Tolosky Steps Down as Baystate President, CEO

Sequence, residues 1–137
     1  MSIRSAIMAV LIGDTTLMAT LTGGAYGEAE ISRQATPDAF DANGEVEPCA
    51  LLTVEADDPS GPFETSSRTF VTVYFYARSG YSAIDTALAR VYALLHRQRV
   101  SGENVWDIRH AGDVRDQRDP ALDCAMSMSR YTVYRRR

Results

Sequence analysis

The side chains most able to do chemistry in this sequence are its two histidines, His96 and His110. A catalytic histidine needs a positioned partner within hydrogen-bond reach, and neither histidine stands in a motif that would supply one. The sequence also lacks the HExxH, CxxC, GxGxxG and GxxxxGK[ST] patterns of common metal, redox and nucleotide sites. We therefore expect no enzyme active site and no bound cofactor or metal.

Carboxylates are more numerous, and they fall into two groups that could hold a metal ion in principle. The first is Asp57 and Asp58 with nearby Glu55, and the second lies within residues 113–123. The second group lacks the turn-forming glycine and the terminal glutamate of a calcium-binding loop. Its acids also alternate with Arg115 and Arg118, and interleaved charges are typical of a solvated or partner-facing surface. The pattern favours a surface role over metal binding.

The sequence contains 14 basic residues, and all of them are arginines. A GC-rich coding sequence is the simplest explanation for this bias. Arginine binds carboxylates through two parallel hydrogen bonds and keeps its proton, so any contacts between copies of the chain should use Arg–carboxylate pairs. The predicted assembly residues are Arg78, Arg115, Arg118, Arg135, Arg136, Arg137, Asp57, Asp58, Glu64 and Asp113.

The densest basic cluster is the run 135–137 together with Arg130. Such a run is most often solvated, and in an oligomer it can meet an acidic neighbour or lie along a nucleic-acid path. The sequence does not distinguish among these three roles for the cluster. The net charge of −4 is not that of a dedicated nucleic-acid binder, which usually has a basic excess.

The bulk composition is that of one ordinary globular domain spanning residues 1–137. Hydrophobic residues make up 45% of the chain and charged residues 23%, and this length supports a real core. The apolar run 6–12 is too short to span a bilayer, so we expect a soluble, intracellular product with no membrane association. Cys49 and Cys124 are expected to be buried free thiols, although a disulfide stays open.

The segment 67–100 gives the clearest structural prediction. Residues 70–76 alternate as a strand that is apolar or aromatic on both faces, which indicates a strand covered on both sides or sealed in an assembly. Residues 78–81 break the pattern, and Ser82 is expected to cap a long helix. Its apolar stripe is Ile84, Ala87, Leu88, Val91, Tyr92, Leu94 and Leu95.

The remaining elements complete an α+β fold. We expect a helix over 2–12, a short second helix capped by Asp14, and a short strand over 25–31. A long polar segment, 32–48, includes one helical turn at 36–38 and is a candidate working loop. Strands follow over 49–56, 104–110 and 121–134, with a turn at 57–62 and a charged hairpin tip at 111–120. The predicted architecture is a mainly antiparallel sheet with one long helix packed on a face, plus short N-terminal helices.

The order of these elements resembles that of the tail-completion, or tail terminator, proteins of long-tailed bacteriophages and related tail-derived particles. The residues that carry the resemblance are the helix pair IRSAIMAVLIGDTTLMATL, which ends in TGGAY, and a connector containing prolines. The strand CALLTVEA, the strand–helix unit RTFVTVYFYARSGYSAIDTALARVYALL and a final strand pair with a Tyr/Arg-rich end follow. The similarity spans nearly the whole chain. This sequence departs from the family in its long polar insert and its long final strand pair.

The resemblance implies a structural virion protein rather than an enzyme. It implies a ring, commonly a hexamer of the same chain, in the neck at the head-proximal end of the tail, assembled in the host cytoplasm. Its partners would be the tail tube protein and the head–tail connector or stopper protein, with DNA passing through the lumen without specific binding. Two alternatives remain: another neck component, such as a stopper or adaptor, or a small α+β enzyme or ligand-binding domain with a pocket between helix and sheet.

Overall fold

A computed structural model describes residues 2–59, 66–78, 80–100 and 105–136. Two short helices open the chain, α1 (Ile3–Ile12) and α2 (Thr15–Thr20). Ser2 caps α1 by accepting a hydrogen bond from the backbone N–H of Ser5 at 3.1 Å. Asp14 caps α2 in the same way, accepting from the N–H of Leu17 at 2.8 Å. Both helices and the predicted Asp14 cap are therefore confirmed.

SPRINGFIELD — Mark Tolosky has decided to end his tenure as president and CEO of Baystate Health effective July 1, 2014. Tolosky, who has served in that role since 2004, will be succeeded by Dr. Mark Keroack. “It is an extraordinarily difficult decision to give up the privilege of serving so many people in our community and touching so many lives,” said Tolosky, whose decision culminates a longstanding personal and professional plan to transition his leadership of Baystate. “But I’m confident that now is the right time to move on to my next phase, as my Baystate colleagues continue to lead the way in transforming healthcare toward greater quality, accessibility, and affordability.” The Baystate Health board of trustees has unanimously approved the appointment of Keroack, a native of Springfield, to assume the role of president and CEO of Baystate Health next year. As an interim step, on Jan. 1, 2014, Keroack will assume the additional title and authority of president and CEO of Baystate Medical Center. “It is a great honor to be selected as the next leader of this wonderful organization,” said Keroack. “The new healthcare world will require an unprecedented level of connectedness between nurses, doctors, and allied health professionals; between specialty and primary care providers; between those who touch our patients and those who support them; between health plan and delivery system; and across all the communities and regions that we serve. I am excited to continue this great work, here in the town where I grew up, and across all of Western Mass., to achieve a higher state of caring for the people we serve.” Keroack’s father, Dr. Alvin Keroack, served the Sixteen Acres community of Springfield for many years as a general practitioner and occasionally brought his son, Mark, to what was then Springfield Hospital (now Baystate Medical Center) for rounds. Keroack’s mother, Mary Phaneuf Keroack, was a nurse and graduate of the Springfield Hospital School of Nursing, which became the Baystate School of Nursing. Tolosky joined Baystate in 1992 as executive vice president of Baystate Health and CEO of Baystate Medical Center. In 2004, he was promoted to president and CEO of Baystate Health. Under Tolosky, Baystate has been named one of the nation’s top 15 integrated health systems, and its hospitals, services, and employees have received multiple prestigious healthcare-quality honors. “Mark’s vision has been not only to transform the quality of our care, but our presence across the region as well,” said Victor Woolridge, chair of the board of trustees. “In the last 15 years, we have reinvested over $750 million into our communities and dramatically improved the facilities and services available to patients across Western Mass.” Baystate’s facility investments during Tolosky’s tenure include the $300 million expansion of Baystate Medical Center in 2012, comprising the MassMutual Wing, the Davis Family Heart & Vascular Center, the Harold Grinspoon and Diane Troderman Adult Emergency Department, and the Sadowsky Family Pediatric Emergency Department; recent renovations at Baystate Franklin Medical Center and Baystate Mary Lane Hospital; the construction of the Chestnut Surgery Center, the 3300 Main St. outpatient center, the D’Amour Center for Cancer Care, the Baystate Orthopedic Surgery Center, and the Baystate Children’s Specialty Center, all in Springfield, where a formerly underused stretch of Main Street in the North End is now a burgeoning ‘Medical Mile’; as well as many other upgrades in facilities and clinical capabilities across the Baystate Health system. After the July transition, Tolosky will assume the title of president emeritus and support his successor Keroack as needed. “I look forward to working closely with Dr. Keroack over the next six months to continue to advance relationships critical to the success of our organization and the health of our community, while transitioning the duties of CEO,” said Tolosky. Prior to joining Baystate Health, Keroack served on the faculty of the University of Massachusetts for 12 years. During that time, he was a busy practitioner focusing on HIV and AIDS care and won five annual teaching awards. He subsequently provided executive leadership at UMass Memorial Health Care in Worcester as vice president for Medical Management and later as the first executive director of the 700-physician UMass Memorial Medical Group. He then joined University Health System Consortium (UHC) in Chicago, where he served as senior vice president and chief medical officer. There, he oversaw programs for clinical and operational performance improvement, faculty group practice management, patient safety, and accreditation. Keroack graduated from Amherst College and Harvard Medical School, and received his MPH from Boston University. He trained in internal medicine and infectious diseases at Brigham and Women’s Hospital in Boston.